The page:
From Mount Rainier, Erin made his way north through Olympic National Forest to Forks. Cut off from the rest of the state by water on three sides, the remote Olympic Peninsula exhibits all the characteristics of an island. The region's main population centres are in the northeast and include Port Angeles, Port Townsend and drier, balmier Sequim.

As we drove into Forks, we were caught in a crazy downpour of rain. The windshield wipers were at full speed," Erin says. "I think being there solidified what gloomy really meant for me. Even during the daytime it was dark, foggy, and the sky had these scales of grey. In its own way it was beautiful."

"Once we got to Forks, a sudden craving for coffee just slapped me across the face. I was looking on my phone for a nearby coffee shop because I couldn’t just go out in the downpour and startup the Aeropress. Turns out the nearest coffee shop was about an hour away so that was a no go," Erin remembers with a laugh. "Then I remembered I made some coffee at the cabin before we left and put some in my Field Thermos. To my surprise, the coffee was still piping hot, and it had been in the thermos for five hours! I was amazed because with a normal thermos the coffee would be more like lukewarm after five hours but not piping hot."

"The Field Pack was a lifesaver. I used it to store all my coffee gear, preventing all the coffee filters I brought from getting soaked. It definitely outlasted the elements out there."

"Oregon was the icing on the cake," Erin says fondly. "The weather was beautiful and the vibe even crazier. Less moody but more vibrant. The sun glistened off the huge crashing waves on the western coast, brought out the colour in the sand on the beaches, and gave the sunsets those tasty purple, blue, and orange hues."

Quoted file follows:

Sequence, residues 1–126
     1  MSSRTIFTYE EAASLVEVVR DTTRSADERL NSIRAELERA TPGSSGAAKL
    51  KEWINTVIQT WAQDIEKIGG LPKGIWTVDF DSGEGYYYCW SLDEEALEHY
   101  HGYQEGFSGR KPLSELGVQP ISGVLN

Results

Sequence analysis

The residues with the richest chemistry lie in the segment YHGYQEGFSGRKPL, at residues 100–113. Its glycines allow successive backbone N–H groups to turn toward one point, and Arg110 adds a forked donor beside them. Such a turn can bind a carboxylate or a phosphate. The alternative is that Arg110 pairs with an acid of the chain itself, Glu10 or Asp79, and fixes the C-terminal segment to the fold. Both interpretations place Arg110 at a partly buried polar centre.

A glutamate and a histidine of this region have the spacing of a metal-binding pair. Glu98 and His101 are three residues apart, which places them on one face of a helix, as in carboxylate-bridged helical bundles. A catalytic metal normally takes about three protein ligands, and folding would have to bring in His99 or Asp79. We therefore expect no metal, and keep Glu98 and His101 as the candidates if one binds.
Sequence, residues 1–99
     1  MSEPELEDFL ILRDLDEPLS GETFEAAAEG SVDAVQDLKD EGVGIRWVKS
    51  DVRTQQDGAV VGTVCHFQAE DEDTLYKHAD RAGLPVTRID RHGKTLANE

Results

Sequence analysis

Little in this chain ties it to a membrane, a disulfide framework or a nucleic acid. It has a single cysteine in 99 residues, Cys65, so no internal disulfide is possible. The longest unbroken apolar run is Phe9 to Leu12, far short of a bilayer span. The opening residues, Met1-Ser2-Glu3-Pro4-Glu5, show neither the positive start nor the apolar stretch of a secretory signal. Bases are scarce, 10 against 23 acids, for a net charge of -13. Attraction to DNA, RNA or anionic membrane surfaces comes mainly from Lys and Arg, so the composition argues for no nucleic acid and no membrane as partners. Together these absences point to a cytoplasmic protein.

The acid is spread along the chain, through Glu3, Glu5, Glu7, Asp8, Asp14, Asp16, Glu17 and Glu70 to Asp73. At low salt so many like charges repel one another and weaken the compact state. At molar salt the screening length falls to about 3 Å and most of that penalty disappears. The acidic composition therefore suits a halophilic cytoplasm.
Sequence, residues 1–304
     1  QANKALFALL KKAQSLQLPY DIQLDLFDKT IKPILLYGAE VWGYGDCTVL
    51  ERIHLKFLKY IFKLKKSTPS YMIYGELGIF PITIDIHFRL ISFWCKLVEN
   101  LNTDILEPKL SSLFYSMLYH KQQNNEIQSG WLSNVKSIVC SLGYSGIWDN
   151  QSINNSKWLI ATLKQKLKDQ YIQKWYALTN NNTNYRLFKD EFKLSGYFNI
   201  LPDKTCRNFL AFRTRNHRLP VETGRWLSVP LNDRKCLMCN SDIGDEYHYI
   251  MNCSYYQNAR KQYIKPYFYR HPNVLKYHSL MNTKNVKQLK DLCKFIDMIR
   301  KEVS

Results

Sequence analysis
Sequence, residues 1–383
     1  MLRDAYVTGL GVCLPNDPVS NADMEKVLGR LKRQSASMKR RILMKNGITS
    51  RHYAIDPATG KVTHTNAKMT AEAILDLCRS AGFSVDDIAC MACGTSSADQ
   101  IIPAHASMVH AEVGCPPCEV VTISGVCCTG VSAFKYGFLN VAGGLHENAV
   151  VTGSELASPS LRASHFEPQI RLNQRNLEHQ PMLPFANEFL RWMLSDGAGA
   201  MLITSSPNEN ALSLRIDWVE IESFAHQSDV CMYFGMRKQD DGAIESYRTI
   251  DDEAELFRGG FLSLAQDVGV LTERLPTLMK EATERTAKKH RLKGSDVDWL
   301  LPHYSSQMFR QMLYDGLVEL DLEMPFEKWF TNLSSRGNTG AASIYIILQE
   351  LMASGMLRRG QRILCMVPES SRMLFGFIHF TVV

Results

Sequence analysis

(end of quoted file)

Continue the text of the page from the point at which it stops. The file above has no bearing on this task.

If there's one piece of gear that every demanding road trip requires, it's a bag of great coffee. Long hours behind the wheel, crazy early mornings to catch first light, and the general exhaustion that outdoor travel instills all conspire to create a constant need for caffeine.

“I made coffee everywhere on this trip, but the most memorable place would be at Cannon Beach in Oregon. It was a totally different feeling whipping up that fresh cup of joe there on the sand. It was in a way meditative. After making a hot cup and just chilling on the wood and listening to the sounds of nature, nothing gets better than that!”

"The Steeltown Fine Grind provided an amazing brew. Probably one of the best tasting coffees I’ve had. Let's put it this way, my buddy Kevin is a Tim Hortons double double type of dude. We didn’t have any sugar or cream for many parts of the trip, so he had to resort to drinking it black, straight out of the Aeropress. Was he ever impressed!"
Heading out into the field with some Steeltown goods? Tag us on Instagram.
Photography by Erin Mitchell
Secondary photography by
Kevin Tablizo
Written by Steeltown Jeff